So this debate is not really new, and there’s certainly a place for this sort of radical pragmatism. Chomsky’s focus on a system of mental rules that form a universal grammar may have enlarged human knowledge, but it’s turning out to be a really inefficient way to train computers to understand language. Gains in understanding underlying models are not always the shortest route to efficacy.
But such approaches come with a down side as well. Morozov deals with this extensively in his book To Save Everything, Click Here, and in his WSJ review of the book Big Data. After noting that Big Data is very useful in situations where you don’t care what the cause is (Amazon cares not a whit *why* people who buy german chocolate also buy cake pans as long as they get to the checkout buying both), where you do care about cause things are a bit different:
Take obesity. It’s one thing for policy makers to attack the problem knowing that people who walk tend to be more fit. It’s quite another to investigate why so few people walk. A policy maker satisfied with correlations might tackle obesity by giving everyone a pedometer or a smartphone with an app to help them track physical activity—never mind that there is nowhere to walk, except for the mall and the highway. A policy maker concerned with causality might invest in pavements and public spaces that would make walking possible. Substituting the “why” with the “what” doesn’t just give us the same solutions faster—often it gives us different, potentially inferior solutions.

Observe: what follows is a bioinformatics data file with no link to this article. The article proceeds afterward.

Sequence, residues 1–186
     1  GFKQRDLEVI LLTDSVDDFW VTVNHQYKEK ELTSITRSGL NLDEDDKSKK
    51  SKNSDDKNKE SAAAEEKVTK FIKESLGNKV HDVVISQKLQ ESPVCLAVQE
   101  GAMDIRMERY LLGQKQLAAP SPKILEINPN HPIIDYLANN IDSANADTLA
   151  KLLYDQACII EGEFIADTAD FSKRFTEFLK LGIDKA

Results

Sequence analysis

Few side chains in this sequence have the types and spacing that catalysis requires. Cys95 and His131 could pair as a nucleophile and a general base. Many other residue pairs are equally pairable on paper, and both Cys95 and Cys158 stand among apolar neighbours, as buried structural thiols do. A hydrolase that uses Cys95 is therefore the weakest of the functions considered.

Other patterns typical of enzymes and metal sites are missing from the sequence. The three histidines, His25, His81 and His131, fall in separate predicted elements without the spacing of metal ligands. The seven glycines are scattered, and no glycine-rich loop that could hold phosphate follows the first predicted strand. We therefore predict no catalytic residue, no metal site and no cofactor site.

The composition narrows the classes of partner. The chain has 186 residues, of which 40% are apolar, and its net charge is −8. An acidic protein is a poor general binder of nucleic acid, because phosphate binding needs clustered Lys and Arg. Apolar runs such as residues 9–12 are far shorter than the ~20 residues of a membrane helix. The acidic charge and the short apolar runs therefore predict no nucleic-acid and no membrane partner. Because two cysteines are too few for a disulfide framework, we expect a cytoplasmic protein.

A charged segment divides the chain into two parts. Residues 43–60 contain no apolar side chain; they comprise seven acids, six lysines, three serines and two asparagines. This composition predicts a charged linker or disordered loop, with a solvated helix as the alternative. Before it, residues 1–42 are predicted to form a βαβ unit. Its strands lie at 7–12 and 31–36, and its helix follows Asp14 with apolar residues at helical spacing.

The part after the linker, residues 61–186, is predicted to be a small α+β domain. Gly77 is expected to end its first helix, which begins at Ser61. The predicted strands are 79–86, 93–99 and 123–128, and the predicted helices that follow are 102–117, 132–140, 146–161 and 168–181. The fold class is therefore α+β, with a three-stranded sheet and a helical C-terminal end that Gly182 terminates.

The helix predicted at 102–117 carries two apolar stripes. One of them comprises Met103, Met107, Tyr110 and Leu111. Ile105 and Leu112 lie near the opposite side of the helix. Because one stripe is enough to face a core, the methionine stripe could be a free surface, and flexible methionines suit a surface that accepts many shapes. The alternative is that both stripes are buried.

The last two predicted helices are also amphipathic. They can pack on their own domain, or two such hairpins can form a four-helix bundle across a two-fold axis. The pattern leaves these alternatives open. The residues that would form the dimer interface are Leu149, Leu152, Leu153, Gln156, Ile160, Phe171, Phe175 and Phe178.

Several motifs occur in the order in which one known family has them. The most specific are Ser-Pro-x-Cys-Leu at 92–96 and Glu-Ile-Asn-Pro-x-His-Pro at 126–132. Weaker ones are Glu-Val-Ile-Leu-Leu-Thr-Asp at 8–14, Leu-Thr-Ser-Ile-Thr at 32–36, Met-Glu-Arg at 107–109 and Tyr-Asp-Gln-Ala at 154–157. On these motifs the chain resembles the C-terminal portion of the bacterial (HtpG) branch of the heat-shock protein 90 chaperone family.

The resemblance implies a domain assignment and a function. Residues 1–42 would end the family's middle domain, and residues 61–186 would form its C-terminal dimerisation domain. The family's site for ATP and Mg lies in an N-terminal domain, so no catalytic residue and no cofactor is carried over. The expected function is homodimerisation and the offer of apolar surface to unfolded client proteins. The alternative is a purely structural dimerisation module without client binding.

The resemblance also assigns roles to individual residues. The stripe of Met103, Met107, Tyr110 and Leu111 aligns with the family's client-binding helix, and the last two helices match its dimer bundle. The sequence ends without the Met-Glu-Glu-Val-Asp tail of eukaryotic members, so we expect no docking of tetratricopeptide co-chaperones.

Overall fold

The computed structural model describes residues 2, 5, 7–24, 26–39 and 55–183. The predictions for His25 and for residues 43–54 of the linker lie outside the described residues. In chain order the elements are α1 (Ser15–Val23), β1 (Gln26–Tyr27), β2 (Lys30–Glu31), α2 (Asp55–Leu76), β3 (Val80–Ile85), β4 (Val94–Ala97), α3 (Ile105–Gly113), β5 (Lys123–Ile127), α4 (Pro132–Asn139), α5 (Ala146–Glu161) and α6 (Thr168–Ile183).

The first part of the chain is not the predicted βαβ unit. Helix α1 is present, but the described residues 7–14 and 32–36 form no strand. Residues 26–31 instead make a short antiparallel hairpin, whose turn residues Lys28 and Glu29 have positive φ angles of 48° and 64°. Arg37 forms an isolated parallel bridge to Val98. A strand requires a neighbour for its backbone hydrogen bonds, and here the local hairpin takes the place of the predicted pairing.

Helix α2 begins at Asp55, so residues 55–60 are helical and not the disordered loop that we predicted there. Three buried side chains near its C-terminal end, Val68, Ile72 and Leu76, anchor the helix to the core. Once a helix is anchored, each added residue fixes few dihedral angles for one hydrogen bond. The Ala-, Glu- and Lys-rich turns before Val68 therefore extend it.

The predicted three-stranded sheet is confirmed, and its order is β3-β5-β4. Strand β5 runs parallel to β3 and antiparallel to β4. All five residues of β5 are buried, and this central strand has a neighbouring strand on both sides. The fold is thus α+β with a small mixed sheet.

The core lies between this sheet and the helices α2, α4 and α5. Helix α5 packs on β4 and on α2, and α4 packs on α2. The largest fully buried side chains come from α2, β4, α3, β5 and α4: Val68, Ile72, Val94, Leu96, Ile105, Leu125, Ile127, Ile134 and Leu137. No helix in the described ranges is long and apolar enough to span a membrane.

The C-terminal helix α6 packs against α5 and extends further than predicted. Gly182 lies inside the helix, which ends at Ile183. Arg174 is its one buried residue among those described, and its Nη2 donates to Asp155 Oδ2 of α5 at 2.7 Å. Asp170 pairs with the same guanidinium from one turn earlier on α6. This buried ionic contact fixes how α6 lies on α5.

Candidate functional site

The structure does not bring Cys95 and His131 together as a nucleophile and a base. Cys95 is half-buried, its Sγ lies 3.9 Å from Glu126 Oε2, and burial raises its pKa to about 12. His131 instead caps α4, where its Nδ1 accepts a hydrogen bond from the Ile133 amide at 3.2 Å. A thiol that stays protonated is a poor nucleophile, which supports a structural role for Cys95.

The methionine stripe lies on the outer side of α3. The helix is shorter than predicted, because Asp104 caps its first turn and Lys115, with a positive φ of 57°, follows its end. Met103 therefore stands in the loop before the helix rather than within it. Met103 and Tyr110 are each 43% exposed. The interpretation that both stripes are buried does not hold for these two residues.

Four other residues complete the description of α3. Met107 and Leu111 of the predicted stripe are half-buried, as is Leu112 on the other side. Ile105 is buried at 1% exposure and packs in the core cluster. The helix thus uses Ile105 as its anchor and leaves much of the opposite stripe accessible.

A hardline proponent of a Big Data approach might object to Morozov that you just need more nuanced and informed correlations. But assuming you had no theory about of ultimate causes, how would you even conceive of the possibility? (This is similar to what Michael Feldstein was getting at in his piece about the inadequacy of Big Data for education). A person who does not have a model of what is happening is unlikely to know where to look for inconsistencies. And Big Data is, by definition, big. Theory is your roadmap.
This is why at the workshop on analytics at the conference, I insisted on the “grokability” of analytics-produced guidance to the people who would use it to help students. In a way it comes down to the empowerment of the practitioner (and of the student). If I’m told I have a 50% chance of dropping out based on my “rt-score” of 2145.7, that’s one thing. But the interpretation of what to *do* about that number should depend heavily on what the inputs into it were. Was it prior GPA that pumped that score so high, or socioeconomic status? And the reason those variables are treated differently is that we have models and theories about socioeconomic status and GPA that help us understand its significance as a predictor.
Ultimately, like so many in the field, I’m actually very excited about the promise of data (though I would argue that it is actually “small data” — data that can live in a single spreadsheet — that paired with local use has the greatest potential). Still, if we are to enter this world we have to understand the trade-offs we engage in. Most of the theory-bound could certainly use a better understanding of how powerful a tool statistics can be in overcoming our own theoretical predispositions. It’s useful to understand that theory is not the only tool in the toolbox. But it’s equally true that the new breed of data scientist needs to be far more acquainted with the theories and assumptions that animate the sets of data in front of them. At the very least, they have to understand what theory is good for, why it matters, and why it is not always sufficient to tweak inputs and outputs.